The main order of business last night at the council meeting was discussion of the councilâ€™s corporate plan, see here. As Labour have just got into power the document is essentially a rehash of the Labour manifesto, see here, with some topping and tailing by council officers. Or at least that is what it looks like at first glance.
It is always worth reading the financial section of such reports. Here it talks about:
… a small number of priority project, which have been funded from within current budget allocations …
If you look again at corporate plan you will see that the only things that are going to get done in this plan are those in the â€œImmediate Priorityâ€ boxes unless perhaps if they are things that will cost nothing. Everything else is unfunded and can therefore be considered kicked into the long grass.
Yesterday afternoon before the council meeting I spent a couple of hours going through the 114 promises made by Labour in their manifesto. How many do you think made it into the Immediate Priority boxes? 100? 90? 80? No, only 22 or a mere 19% of Labourâ€™s manifesto promises made it through this first encounter with reality. We can safely ignore 92 of Labourâ€™s promises because they ainâ€™t going to happen any time soon.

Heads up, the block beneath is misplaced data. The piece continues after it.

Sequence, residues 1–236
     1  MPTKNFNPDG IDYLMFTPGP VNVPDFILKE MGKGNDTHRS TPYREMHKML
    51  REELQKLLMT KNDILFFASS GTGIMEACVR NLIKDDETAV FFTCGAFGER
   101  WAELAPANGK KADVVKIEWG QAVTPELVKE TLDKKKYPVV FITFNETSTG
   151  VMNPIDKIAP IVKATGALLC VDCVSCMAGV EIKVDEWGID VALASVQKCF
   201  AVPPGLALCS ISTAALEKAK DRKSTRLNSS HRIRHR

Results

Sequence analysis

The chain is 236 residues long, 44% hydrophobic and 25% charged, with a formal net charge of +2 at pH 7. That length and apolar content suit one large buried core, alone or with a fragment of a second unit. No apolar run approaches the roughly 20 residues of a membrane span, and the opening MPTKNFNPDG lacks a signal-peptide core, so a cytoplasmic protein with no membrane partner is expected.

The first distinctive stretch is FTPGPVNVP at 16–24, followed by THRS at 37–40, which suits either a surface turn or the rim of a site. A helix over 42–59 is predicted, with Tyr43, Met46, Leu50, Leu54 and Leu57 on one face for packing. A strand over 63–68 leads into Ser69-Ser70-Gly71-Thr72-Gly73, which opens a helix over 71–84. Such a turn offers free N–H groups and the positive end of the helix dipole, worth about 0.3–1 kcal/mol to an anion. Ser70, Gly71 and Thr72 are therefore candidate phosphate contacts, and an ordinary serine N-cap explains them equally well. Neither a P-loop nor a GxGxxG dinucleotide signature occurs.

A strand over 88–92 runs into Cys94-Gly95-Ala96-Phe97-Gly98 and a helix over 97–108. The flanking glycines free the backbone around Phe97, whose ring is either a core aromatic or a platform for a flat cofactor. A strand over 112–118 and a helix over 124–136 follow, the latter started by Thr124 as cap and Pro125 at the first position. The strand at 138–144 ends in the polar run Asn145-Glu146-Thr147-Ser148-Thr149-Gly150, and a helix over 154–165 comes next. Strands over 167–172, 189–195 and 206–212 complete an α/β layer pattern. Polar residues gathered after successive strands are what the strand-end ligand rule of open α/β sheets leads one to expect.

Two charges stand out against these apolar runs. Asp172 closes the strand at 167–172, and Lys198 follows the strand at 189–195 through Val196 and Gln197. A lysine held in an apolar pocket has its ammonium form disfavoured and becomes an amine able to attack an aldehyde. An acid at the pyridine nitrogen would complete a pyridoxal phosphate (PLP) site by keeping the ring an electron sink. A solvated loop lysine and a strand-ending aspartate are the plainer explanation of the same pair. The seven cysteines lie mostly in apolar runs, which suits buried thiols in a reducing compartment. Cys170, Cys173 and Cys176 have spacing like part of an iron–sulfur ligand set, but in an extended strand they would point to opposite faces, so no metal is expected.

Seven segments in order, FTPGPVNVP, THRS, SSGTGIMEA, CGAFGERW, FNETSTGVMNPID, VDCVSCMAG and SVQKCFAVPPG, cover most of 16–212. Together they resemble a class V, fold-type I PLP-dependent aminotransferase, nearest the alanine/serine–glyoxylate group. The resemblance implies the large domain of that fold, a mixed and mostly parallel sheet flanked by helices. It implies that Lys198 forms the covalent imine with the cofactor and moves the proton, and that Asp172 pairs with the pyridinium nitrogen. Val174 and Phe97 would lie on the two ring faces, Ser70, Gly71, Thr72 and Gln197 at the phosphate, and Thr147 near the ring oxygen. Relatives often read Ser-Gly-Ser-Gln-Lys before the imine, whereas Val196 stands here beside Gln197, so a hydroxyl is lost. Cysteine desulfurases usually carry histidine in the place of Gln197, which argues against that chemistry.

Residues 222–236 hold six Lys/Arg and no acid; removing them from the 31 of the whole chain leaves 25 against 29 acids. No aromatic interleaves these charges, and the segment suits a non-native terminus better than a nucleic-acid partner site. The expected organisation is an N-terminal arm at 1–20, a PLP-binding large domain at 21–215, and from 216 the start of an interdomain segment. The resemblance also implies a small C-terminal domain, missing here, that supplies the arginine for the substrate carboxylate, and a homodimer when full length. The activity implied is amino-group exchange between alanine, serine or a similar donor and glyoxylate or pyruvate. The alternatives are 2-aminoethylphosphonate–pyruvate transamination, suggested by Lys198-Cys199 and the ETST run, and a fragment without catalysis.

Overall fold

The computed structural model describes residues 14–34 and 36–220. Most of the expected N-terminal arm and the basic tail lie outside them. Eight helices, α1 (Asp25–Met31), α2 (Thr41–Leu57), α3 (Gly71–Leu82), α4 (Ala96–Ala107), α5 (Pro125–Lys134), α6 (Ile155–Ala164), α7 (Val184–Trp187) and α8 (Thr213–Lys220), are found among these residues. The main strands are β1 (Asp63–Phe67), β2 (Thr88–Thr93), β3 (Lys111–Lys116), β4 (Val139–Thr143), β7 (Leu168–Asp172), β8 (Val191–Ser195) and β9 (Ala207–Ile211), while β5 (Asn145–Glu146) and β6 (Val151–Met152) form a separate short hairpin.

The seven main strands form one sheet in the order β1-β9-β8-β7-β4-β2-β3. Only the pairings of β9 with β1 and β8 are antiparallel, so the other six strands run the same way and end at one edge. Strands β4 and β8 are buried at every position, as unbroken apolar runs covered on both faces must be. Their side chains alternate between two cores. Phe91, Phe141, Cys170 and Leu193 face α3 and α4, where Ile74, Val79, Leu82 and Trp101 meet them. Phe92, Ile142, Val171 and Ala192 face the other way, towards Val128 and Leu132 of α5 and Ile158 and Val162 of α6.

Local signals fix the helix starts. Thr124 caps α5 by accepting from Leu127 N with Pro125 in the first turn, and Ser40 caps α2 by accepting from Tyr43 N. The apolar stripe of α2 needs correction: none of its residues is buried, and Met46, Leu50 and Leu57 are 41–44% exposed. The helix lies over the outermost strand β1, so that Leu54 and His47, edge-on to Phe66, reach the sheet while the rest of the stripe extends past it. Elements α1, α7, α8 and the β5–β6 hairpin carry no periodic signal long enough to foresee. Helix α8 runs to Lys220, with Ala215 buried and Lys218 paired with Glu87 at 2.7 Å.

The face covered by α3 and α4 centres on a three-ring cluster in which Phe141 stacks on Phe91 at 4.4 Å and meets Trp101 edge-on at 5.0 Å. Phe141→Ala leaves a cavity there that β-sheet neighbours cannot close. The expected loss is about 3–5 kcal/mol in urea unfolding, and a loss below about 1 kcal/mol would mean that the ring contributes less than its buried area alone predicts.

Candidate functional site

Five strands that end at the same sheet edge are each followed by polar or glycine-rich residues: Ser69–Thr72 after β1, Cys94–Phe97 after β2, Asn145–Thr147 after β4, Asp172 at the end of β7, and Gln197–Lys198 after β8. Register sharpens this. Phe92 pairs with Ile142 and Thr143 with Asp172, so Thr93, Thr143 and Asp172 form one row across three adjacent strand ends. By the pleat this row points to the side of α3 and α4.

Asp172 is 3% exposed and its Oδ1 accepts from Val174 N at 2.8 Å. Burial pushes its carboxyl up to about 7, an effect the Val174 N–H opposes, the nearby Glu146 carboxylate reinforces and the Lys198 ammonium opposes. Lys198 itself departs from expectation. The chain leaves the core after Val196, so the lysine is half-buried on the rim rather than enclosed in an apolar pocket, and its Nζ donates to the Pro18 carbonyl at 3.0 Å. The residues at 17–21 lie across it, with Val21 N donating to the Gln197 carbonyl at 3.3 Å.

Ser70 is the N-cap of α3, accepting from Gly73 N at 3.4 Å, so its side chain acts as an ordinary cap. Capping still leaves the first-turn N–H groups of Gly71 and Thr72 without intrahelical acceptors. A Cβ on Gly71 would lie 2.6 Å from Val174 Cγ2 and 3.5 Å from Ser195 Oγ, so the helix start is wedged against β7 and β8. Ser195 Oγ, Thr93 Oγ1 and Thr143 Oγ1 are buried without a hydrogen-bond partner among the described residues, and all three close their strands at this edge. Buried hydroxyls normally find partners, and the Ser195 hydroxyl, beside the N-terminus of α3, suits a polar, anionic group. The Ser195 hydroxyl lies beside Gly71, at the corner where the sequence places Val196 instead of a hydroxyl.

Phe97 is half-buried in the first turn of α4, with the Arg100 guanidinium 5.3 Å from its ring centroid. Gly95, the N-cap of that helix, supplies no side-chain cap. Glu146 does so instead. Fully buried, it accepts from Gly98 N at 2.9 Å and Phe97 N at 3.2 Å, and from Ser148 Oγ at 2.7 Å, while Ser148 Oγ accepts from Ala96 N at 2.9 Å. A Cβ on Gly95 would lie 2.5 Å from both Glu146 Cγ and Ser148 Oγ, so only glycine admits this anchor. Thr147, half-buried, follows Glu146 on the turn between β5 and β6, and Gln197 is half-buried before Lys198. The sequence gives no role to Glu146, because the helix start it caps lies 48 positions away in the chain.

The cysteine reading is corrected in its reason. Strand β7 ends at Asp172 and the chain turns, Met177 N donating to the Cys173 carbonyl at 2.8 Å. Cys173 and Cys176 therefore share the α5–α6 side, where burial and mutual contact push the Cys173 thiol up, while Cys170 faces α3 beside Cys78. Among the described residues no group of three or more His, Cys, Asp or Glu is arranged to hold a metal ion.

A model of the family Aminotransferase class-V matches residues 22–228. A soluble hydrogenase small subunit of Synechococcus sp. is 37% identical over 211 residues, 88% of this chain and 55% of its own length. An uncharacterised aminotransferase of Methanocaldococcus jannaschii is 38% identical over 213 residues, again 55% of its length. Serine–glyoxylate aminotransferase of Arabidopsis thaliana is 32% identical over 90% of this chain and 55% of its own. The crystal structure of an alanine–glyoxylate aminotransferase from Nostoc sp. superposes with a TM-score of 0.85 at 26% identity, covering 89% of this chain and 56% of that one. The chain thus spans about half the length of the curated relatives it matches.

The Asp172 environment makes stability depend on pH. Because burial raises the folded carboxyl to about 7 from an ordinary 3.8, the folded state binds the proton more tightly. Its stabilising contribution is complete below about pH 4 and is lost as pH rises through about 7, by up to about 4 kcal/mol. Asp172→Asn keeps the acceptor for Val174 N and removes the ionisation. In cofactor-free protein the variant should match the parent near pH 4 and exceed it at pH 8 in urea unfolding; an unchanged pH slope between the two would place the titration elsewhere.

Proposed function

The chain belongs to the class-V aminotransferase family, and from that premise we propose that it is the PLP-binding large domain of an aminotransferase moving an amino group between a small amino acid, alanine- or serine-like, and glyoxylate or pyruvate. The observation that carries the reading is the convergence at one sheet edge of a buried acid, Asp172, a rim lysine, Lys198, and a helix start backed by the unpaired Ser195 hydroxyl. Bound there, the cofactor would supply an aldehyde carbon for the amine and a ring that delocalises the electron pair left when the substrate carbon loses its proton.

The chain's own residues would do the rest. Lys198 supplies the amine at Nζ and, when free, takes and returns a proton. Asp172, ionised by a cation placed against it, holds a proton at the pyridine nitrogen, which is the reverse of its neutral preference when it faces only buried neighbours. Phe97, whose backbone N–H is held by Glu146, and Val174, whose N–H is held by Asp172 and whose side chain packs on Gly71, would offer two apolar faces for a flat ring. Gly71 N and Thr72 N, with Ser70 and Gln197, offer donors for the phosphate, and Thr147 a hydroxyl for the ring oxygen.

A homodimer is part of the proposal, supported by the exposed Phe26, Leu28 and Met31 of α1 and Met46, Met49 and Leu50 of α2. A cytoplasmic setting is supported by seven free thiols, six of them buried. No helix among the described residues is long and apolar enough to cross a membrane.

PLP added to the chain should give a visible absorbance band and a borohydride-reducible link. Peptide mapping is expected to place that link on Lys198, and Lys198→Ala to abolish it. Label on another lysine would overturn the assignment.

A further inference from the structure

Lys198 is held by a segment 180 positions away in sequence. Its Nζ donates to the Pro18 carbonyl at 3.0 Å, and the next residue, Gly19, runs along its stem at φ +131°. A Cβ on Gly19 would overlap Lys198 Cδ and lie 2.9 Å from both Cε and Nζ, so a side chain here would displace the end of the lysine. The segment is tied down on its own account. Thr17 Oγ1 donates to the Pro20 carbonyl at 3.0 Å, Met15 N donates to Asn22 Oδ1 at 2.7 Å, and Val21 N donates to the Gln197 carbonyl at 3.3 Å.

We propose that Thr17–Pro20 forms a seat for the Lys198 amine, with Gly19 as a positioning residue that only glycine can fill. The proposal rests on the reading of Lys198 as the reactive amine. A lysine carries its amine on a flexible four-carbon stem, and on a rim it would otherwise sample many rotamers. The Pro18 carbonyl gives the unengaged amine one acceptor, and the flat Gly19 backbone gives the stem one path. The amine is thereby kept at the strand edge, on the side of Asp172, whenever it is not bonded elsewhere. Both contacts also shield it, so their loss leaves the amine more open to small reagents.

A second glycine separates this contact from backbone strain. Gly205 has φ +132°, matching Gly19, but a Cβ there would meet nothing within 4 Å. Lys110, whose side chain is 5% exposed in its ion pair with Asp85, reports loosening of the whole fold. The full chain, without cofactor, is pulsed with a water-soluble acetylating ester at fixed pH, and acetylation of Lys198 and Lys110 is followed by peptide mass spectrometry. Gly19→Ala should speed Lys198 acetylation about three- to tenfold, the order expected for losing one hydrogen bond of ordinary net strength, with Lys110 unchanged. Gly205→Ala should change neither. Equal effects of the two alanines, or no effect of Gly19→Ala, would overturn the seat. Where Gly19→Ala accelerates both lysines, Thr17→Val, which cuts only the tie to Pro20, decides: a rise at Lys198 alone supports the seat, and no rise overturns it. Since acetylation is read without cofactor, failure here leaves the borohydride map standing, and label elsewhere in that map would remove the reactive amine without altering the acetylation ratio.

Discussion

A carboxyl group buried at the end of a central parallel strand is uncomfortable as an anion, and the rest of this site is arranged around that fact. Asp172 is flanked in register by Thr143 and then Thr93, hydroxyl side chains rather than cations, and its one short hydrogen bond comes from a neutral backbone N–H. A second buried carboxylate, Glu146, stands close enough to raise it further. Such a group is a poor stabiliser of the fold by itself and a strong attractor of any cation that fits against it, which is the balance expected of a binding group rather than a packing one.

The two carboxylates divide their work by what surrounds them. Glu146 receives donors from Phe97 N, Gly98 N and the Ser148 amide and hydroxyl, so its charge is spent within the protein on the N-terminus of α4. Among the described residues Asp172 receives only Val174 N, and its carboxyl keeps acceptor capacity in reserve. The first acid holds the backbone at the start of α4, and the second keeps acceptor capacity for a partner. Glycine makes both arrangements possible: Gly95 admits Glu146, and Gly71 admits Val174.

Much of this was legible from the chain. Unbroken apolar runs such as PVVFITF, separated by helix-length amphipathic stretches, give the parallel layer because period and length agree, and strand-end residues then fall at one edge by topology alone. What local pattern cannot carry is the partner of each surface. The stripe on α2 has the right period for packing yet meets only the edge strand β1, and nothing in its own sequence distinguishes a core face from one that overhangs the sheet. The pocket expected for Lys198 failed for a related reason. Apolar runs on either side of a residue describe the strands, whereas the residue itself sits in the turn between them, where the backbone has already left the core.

If you look at page 3 of Labourâ€™s Manifesto they made 5 key pledges. How many of these survived the cull I wonder? Answer one and a half out of five. Under crime they talked about more uniformed officers which made the cut but CCTV didnâ€™t. Schools investment didnâ€™t make it. 3,000 affordable homes didnâ€™t make it. 24/7 Grimebusters didnâ€™t make it. Thankfully the council tax pledge did get through. But still, a shocking case of promising more than you can deliver â€“ the age old Labour disease.